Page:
Trauma: Are We Being Attacked?

Clinical Skills / Symptom Contextualization / Trauma Full Day

Trauma: Are We Being Attacked?

Do you feel like you are being attacked when you see someone who looks like the person from the past who you reacted to as being dangerous, threatening, or deadly? Do you feel attacked when you are in a situation that reminds you of such a thing? Do you feel attacked when you hear a certain sound, or a certain word, or a certain color? [1] By now it may be obvious to you that the certain sound, color, or place is totally neutral; it has nothing whatsoever to do with how you are reacting to it, with what you are identifying it with, or with what meaning you are assigning to it. By now, it may be obvious to you that that thing that triggers you, that puts you on an alert, and that makes you ready to run away, or fight, or freeze [2], has nothing whatsoever to do with any of these reactions of yours.

If you perceive the glass as half empty, the above may be really “bad” news for you. Yet, if you perceive the glass as half full, the above can be one of the most empowering insights you can be reminded of. But, whether you perceive the glass as half empty or half full has nothing whatsoever to do with glass, it also has nothing to do with how much water the glass has. It has everything to do with how you perceive the glass at any given time.

This then helps us realize that when we perceive that we are being attacked, not only are we not being attacked, but our perception of being attacked has nothing to do with the person we think is attacking us, or with the situation, circumstance, time or space.  This level of awareness may sound so radical that it may be a hard pill to swallow. Yet, it becomes rather simple once we have reviewed and fully understood the following Truths:

  1. Nothing we perceive has any meaning whatsoever. This includes anyone that we may perceive, any gesture that anyone may be making, any sound, any color, any place, situation, or circumstance. Note this is not a belief, rather the Reality about the world. And, if we resolve to truly live in the Truth, the Truth will surely set us free
  2. We and only we are assigning and can assign our meaning to anything that we perceive
  3. We assign meaning through the use of our attitude and belief, which takes place in the form of thought
  4. When we feel anything is being done to us, we are actually doing it to ourselves through our thoughts

Truth # 4 may sound like we are to blame for anything and everything that happens to us. But if we do that, we will be attacking ourselves, and reinforcing our feeling of being attacked by others. The way it works is that we attack ourselves, unknowingly. Our protective personality helps us deal with that by projecting all these attacks unto the world. These attacks then are perceived as someone in the outside attacking us. And this makes it more tolerable for us, and our protective personality. It is much more bearable to us to know that we are being attacked or persecuted by others, by the outside, or by a specific group, then to come to the conscious understanding we and only are attacking ourselves, and we have been doing it to ourselves all along. This explains why many who have been traumatized are more likely to be retraumatized compared to the general population. This also explains why many of those who have been involved in accidents are more likely to be involved again and again in subsequent accidents compared to the general population. [3]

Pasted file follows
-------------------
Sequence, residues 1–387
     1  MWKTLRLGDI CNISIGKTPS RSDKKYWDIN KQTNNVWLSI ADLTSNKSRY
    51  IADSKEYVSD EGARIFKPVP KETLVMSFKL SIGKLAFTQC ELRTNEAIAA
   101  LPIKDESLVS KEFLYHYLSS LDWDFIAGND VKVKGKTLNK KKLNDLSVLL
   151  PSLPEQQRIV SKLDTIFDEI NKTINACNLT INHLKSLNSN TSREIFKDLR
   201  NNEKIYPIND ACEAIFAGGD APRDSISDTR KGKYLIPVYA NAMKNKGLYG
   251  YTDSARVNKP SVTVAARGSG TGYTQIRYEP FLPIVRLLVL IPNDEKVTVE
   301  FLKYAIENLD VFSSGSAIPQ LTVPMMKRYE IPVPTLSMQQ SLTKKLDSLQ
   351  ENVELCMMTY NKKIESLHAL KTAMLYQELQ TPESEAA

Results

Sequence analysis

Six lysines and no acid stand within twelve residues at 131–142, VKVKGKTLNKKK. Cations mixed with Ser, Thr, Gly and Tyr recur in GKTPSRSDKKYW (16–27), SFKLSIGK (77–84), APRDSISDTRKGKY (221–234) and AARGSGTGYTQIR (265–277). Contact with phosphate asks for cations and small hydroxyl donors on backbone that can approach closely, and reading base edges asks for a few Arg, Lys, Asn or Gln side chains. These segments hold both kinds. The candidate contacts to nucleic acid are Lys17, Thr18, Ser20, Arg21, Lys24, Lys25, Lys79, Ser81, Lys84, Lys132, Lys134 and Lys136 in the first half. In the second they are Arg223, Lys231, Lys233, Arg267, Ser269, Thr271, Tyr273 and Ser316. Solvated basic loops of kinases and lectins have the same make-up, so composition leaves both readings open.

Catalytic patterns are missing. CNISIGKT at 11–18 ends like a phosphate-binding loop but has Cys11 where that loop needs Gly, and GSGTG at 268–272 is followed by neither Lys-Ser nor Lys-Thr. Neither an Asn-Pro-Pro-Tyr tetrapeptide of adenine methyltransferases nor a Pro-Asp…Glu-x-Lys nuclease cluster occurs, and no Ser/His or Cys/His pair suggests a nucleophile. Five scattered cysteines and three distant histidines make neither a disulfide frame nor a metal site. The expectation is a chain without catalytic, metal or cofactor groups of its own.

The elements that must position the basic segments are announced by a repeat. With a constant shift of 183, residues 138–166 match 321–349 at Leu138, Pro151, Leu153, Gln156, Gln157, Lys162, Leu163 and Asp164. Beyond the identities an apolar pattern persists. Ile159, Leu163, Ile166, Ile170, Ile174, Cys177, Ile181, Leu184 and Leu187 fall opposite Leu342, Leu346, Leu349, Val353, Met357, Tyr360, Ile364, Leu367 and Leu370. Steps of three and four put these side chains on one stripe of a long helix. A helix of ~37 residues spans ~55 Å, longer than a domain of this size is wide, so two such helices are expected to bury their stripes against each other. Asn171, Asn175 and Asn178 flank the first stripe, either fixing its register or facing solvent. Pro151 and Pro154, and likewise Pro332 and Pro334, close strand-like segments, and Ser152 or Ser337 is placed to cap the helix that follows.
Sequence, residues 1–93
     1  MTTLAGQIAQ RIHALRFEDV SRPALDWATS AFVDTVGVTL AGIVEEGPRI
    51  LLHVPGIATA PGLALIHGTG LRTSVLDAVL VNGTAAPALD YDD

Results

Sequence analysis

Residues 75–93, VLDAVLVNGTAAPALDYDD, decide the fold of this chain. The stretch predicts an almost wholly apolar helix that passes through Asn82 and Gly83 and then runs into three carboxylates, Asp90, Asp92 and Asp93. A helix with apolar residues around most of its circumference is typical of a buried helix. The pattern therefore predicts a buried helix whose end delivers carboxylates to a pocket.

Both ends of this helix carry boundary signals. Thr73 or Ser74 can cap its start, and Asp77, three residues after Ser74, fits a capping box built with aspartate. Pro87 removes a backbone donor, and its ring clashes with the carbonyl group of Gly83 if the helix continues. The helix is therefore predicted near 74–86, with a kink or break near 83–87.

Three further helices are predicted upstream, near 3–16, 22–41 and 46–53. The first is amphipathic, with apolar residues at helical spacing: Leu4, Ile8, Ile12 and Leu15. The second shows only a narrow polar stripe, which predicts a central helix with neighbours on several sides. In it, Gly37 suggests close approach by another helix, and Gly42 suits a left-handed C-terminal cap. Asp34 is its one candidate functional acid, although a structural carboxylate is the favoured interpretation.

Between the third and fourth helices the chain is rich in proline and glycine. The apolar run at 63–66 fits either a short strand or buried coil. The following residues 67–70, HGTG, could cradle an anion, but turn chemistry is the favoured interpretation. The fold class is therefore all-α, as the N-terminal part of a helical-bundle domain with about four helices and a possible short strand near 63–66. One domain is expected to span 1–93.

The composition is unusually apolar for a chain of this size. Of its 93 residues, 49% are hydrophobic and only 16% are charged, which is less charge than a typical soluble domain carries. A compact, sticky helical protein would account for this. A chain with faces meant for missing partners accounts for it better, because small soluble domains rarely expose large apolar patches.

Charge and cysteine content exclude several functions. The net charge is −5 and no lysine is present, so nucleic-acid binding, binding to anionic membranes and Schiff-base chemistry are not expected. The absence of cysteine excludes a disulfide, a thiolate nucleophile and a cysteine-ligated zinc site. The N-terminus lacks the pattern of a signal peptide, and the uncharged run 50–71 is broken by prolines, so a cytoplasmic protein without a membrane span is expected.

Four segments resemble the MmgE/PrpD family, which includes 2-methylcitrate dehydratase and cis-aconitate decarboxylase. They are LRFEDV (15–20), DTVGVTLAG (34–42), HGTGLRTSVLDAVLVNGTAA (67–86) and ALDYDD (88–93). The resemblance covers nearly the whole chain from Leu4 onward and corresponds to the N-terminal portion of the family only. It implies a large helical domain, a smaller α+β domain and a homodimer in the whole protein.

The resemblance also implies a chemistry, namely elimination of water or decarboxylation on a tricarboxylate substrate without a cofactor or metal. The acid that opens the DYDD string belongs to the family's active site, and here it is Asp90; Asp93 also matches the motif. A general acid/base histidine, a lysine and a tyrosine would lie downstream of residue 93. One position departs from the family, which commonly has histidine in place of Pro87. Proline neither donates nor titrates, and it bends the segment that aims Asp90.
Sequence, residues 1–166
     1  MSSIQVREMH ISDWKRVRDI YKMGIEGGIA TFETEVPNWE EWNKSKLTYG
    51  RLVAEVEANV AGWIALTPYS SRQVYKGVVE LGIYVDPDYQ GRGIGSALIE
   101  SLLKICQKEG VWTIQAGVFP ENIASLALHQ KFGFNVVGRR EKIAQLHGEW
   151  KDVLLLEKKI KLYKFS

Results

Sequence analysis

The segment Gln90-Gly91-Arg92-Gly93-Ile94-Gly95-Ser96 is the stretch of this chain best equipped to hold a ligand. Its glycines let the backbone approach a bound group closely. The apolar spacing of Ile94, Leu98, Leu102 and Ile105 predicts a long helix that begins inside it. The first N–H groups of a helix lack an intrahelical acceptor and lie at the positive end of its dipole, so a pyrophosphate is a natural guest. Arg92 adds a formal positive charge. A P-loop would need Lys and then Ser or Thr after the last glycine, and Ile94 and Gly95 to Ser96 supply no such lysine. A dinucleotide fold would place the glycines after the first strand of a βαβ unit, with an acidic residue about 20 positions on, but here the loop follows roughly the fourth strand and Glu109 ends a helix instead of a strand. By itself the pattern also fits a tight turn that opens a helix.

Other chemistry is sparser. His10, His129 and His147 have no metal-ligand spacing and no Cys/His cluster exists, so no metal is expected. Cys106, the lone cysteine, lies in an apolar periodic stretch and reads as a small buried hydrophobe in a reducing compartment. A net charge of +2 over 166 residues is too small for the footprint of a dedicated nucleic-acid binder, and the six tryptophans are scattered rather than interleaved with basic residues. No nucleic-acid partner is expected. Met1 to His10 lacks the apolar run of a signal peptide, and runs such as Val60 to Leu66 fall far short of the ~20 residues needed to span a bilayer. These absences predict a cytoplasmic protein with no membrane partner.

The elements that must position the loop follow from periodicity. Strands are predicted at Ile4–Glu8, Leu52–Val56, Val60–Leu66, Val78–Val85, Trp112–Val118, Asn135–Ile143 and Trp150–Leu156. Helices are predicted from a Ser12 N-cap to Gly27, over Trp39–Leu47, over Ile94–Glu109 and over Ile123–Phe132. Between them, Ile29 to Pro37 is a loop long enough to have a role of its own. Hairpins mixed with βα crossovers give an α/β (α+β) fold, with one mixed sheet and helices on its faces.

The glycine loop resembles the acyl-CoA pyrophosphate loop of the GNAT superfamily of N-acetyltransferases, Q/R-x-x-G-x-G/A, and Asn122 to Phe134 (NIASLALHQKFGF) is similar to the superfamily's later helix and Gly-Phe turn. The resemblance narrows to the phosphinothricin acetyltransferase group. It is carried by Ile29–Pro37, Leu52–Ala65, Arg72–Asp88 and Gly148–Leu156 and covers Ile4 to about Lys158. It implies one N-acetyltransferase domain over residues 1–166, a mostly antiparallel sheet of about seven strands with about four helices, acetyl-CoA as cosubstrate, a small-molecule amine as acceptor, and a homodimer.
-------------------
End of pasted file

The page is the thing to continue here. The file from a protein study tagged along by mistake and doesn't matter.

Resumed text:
All this takes place because this is an inside-out world. There is no world without us. There is no event without us. And we activate any event through our thought and our thought alone. The next time we feel we are being attacked, instead of turning to the outside stimulus, which is simply bearing witness to our inner world, let us turn inside, to our inner world, where it all started, where it all happens, and let us choose a different thought, and this is how we will be able to put an end to the cycle of flashbacks, hypervigilance, and intrusive thoughts in trauma and trauma reactivity [4].

Are you a clinician who would like to truly help your patients put an end to their cycle of trauma reactivity, if so, please join us on Friday, April 9th for our 6 CEU full-day webinar on trauma. Click here to register and

See you then,

Karen and Mardoche

[1] Bhandari, Smitha. “What Are PTSD Triggers?” WebMD, WebMD, 11 Sept. 2001,

[2] Nunez, Kirsten. Fight, Flight, or Freeze: How We Respond to Threats.

[3] Robinson, Lawrence. “Emotional and Psychological Trauma.”,

[4] Badour, Christal L, and Matthew T Feldner. “Trauma-related reactivity and regulation of emotion: associations with posttraumatic stress symptoms.” Journal of behavior therapy and experimental psychiatry vol. 44,1 (2013): 69-76. doi:10.1016/j.jbtep.2012.07.007